Why do I like forums? Mainly because of the idea exchanges. I really don't care about seeing hundreds of photos from people I don't know, or having them see mine. That has never been an attraction for me. I'm especially reluctant to post them on a gallery that tells me how I can process my photos and how I can't. Those decisions are mine to make, not someone else's. I've been on forums for 10+ years and during that time I was given a ton of info. It saved me lots of time and money. It also makes me think, and it challenges me. I like that. Most of the criticism of me is that I dislike posting photos on the internet for free. Rarely has anyone seemed to dramatically disagree with advice I give to those asking for it. The advice is generally solid and based on experience or referenced facts. I suppose the bottom line is I like to encourage people and help them out. You will note I don't attack or tear others' photos down. No point in that.

Each forum does have a culture and protocol, and I haven't yet figured this one out. Like everything else, I learn as I go along. If you don't like my advice that's fine. It's free--it cost ME to learn it, not you. I've come about photography a different way than most here, and I do have opinions formed from that. For starters, I believe that all light is good, it's up to the photographer to figure out how to make it work. I believe that the light (and it's use) is about 95% of the shot. I also believe the camera is the least important thing in photography. Another thing I believe is that a good portfolio has lots of variety--it's not all just one kind of shot. I know some of what I believe rankles some, but that's OK. At least I am sincere. I don't care so much about photos on this or that internet forum. What I like to discuss are the ideas. I also like the story behind the photo--how it was made, what the thinking behind it was, what emotion it's about, the background of the people & places in the photo. What bores me to tears are seeing photo after photo of sunny-only shots that tell no story and tell nothing about the unique charecteristics about where it was shot. What I've been trying to do for the past six years is create photos that tell a story and maybe convey an emotion. I absolutely don't want to take shot after shot of close up trains in the sun with the caption "Another Dash 9 running on UP double main."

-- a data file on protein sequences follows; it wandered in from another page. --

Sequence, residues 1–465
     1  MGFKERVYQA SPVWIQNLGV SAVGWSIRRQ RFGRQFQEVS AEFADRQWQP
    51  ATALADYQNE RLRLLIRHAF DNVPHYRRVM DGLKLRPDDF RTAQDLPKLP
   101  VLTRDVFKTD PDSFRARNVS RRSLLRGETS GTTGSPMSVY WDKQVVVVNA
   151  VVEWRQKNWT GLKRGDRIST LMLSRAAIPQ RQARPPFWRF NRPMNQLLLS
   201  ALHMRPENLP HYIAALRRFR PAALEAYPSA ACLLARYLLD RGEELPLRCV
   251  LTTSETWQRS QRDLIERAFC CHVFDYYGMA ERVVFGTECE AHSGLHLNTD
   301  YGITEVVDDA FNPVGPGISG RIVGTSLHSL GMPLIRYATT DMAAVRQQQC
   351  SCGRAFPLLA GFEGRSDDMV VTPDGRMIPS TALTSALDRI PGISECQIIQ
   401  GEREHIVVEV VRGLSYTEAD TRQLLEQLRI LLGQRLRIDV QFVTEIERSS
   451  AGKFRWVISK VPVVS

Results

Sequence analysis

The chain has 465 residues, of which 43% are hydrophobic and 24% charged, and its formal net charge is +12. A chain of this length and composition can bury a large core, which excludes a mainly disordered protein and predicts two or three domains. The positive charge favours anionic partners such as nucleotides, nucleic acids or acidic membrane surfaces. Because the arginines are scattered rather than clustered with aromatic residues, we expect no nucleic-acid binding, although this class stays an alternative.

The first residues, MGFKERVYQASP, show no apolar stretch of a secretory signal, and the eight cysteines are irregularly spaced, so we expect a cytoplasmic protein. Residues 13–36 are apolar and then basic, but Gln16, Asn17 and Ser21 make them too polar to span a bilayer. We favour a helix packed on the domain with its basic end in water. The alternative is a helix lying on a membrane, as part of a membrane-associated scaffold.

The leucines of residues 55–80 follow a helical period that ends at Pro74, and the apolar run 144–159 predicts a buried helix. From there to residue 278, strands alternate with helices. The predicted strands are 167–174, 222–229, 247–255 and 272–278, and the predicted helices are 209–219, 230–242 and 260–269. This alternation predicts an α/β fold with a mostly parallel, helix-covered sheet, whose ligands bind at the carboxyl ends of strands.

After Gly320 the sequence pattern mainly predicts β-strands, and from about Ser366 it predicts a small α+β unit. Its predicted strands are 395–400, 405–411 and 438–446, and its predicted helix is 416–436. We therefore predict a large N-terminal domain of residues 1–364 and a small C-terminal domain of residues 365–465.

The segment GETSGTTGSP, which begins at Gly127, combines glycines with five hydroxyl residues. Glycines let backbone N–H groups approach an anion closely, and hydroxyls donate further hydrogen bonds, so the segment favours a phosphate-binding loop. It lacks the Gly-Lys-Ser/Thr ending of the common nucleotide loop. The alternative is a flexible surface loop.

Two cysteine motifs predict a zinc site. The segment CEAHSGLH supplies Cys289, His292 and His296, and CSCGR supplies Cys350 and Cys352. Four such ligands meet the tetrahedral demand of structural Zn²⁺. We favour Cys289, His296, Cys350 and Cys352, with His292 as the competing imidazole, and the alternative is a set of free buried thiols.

My biggest influences have come from Solomon Butcher, a Nebraska photographer from the 1880s who set out to record the history of his region. Another is David Plowden who did much the same. Another obvious one is The Master, O.W. Link. Few may know it, but his original goal was to photo post WW2 small towns in daytime before they vanished. All of these guys were making photos to show people who were yet to come long after they were gone. They chronicled their lives & times. For the most part, that is my goal too. If I can sell a few photos along the way to pay for the gear, that's great too. I collect old postcards of my region, such as from the early 1900s. I love these! Each photo is a time machine. It can take you back into the past to show you what existed before you. That fascinates me to no end. These were real people going about their lives. They had no idea at the time the photo would be looked at 100 years later. I have a pretty good collection of very old RR images taken by photographers I'll never know the name of, but they left us a tremendous gift. I do take my own photos with that in mind--what will they tell someone looking at them 100 years from now about the world I live in? Anyone else out there thinking along these lines? Just curious.

If you don't like my posts, that's OK. Just add me to your "ignore" list. That's what's it's there for. If you want healthy debates, I am open to that of course. And I still like blue. And for the record, I have never submitted a single shot to RP. They don't want post processing and I respect that. We have a fundamentally different philosophy. Some day, they WILL change. Time doesn't stand still, and neither has photography.


Kent in SD


Thank God I was out taking train pictures today. 532 to be exact. Anyone wanting a real-life old-time railroading experience is encourage to ride VIA Rail's Lake Superior. It's one of those experiences where a world of theory can't compete with the thrill of steel-on-steel.